I saw none and the home has been ours since 1992.  More aptly stated, it is the bank’s and they allow us to live here.  Details. mop

For years and through all manner of storms large and small, the basement remained bone dry and we gradually came to perceive that we had ducked the bullet on this common homeowner malady.  Kids came and we finished the basement (carpeting, padding, drywall, etc.), doubling our living space.  The basement stayed dry but for the occasional laundry room mishap attributable to the stupidity of man (me).  Routing of water conditioner discharge line, dry rot of the washing machine supply lines, etc.  Nuisance-level problems that were annoying and frustrating, but nothing that we (now equipped with a big wet-dry vac, fan and room dehumidifier) could not handle if they happened occasionally.
snow pammysnow steve
The “Storm of the Century” left us dry, as did the twice-a-decade blizzard and Hurricane Isabel. Later that year, however, we were mystified and frustrated to see that a rain of average intensity had put 5-to-10 gallons of water onto our basement floor.  We learned that carpet padding is the perfectly transmissive aquifer and cannot be safely dried, and that the basement floor of our home is not level but is slightly tipped to the northeast.  The cost of this education was an insurance claim and the perspective that perhaps we had been wrong about the water-tightness of our home all along.
The hydrogeologist in me wrapped his head around this puzzle. The well-known principle of uniformitarianism teaches that the Present is the Key to the Past, and our past had no wet basement challenges of natural origin. Something had changed, but what?  All of a sudden, we were all kinds of rainwater susceptible in the basement.  The area of the basement wall/floor where it seemed to be coming in (remember we have drywall up and no longer can observe the walls directly short of a major demolition project) seemed directly beneath the front door area.  Standing outside the front door during a deluge revealed that rainwater was not staying in the rooftop guttering in that area but was over-topping the guttering the splashing directly onto the ground right past our threshold.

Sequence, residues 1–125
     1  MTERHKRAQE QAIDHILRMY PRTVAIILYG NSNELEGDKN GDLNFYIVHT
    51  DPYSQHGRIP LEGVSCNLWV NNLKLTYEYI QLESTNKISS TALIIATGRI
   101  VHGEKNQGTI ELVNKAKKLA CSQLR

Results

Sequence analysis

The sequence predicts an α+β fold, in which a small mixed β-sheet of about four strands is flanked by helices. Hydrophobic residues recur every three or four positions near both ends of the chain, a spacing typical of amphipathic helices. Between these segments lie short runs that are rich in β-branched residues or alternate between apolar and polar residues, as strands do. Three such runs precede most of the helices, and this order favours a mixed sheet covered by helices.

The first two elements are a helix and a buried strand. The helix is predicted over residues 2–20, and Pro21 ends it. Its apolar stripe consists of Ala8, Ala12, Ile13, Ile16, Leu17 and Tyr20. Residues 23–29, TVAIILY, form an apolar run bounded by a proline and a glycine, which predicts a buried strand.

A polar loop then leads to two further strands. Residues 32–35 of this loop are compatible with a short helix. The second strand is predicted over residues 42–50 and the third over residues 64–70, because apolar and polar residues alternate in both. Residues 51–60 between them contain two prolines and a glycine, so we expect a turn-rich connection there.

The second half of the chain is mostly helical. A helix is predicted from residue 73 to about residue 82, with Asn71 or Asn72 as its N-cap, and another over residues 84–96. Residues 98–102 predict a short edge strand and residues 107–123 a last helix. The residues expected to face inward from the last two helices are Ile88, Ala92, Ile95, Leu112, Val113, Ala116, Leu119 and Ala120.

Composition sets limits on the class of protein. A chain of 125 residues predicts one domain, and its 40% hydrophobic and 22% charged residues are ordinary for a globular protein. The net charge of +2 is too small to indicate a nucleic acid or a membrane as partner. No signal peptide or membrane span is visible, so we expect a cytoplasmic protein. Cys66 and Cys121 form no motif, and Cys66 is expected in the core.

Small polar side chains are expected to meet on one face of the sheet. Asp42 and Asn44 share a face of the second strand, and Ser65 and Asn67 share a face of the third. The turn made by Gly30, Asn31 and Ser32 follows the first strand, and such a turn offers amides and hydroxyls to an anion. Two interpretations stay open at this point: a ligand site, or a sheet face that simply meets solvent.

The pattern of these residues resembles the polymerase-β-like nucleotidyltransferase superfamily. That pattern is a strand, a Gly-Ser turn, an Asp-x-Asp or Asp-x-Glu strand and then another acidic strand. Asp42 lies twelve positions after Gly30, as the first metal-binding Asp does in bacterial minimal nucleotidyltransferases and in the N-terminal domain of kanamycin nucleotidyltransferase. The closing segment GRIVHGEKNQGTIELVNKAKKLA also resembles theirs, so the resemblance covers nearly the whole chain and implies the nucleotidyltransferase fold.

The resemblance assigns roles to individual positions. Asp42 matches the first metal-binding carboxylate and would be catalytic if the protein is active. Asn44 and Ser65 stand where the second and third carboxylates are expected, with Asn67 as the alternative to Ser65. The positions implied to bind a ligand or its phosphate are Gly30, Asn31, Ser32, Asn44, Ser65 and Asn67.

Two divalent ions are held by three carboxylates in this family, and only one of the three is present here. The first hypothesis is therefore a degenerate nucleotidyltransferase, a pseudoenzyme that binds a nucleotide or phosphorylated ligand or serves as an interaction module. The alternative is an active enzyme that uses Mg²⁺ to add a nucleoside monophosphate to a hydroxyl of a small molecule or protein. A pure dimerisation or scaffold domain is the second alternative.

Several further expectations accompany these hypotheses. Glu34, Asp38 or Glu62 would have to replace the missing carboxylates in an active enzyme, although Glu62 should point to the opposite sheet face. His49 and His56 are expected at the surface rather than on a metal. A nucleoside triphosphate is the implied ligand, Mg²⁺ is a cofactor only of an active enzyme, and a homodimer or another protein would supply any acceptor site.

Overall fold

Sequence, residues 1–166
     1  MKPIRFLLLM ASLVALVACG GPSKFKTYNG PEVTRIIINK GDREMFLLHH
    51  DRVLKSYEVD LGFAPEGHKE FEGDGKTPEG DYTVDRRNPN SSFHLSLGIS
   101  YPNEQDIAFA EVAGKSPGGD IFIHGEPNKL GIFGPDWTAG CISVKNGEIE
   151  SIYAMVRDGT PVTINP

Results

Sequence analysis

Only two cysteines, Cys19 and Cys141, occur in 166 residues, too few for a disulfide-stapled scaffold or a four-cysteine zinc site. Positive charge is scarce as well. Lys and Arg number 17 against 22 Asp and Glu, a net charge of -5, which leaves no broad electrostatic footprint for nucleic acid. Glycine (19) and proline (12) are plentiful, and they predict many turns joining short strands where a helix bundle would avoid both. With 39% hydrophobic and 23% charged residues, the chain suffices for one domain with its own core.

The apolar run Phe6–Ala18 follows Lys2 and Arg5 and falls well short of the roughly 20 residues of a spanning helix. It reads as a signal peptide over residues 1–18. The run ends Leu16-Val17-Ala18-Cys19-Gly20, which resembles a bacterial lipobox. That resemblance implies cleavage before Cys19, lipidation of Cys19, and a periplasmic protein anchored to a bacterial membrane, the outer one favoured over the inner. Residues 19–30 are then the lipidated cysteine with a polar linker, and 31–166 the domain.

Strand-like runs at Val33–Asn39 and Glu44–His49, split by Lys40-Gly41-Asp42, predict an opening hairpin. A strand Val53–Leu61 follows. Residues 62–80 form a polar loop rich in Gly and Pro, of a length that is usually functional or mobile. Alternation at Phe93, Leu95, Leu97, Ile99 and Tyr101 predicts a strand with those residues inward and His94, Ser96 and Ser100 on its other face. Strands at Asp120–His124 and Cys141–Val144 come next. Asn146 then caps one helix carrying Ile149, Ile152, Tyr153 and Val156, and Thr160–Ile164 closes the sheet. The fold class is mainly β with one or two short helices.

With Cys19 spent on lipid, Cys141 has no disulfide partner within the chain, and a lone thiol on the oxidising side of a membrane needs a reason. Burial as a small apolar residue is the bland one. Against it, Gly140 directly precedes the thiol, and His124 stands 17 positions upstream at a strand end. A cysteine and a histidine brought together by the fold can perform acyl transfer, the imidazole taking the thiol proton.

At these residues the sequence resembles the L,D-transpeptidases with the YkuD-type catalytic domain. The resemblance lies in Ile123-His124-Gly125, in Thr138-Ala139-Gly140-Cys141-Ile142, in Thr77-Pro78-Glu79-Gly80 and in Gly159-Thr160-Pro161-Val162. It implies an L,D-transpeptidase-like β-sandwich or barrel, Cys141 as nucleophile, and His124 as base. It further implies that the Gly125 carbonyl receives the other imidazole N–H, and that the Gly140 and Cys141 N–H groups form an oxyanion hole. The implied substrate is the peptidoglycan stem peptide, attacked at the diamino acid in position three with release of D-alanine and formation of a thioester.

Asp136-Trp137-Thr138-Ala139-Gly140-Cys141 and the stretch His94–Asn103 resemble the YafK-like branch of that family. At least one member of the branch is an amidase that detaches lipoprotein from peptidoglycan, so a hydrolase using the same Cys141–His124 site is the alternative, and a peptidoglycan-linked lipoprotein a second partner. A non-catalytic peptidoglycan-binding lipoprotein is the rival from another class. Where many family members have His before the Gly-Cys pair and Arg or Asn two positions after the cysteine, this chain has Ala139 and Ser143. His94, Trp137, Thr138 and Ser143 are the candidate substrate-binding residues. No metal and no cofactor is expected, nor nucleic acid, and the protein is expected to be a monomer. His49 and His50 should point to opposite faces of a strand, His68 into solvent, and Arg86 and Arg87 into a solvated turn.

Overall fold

flood insuranceSo up on a stepladder I went in the next rainstorm,  to carefully inspect our roof-edge rain guttering near the front door.  Sure enough, I saw that the gutter was clogged with the debris from the large holly tree right nearby.  The gutter itself was full of water that was not draining through the clogged downspout. Water was over-topping this guttering, and cascading down the front of the house and saturating the ground immediately outside the foundation, in the exact area where inside we have the water susceptibility.  By hand I scooped out many dead leaves, all with razor-sharp edges and prickers.  Once I had enough of them out, a giant whoosh of water occurred and the guttering dutifully emptied into the downspout.

In the weeks that followed, we undertook a downspout outfall rerouting project courtesy of some corrugated piping bought from Home Depot.   We gradually gained the upper hand on this latent susceptibility, except that the holly tree was doing what hollies do – it was growing.  It towered ever-taller over the roof-line and seasonally and otherwise, generously shed leaves and other debris into the guttering.  Gutter clean-out projects became a regular part of home ownership and when we forgot or became distracted, we remained susceptible to wet basement issues, both small and not so small.


Something more drastic and permanent needed to be done.  So recently, armed with a handsaw, lopping shears and other gardening equipment, I undertook to give the holly a military haircut.  It is possessed of three parallel trunks, each at least 8 inches in diameter.  The one closest to the house now terminates 5 feet about the ground rather than fifteen. Time will tell if my immense sense of sweaty satisfaction is deserved or premature, but I’m cautiously optimistic.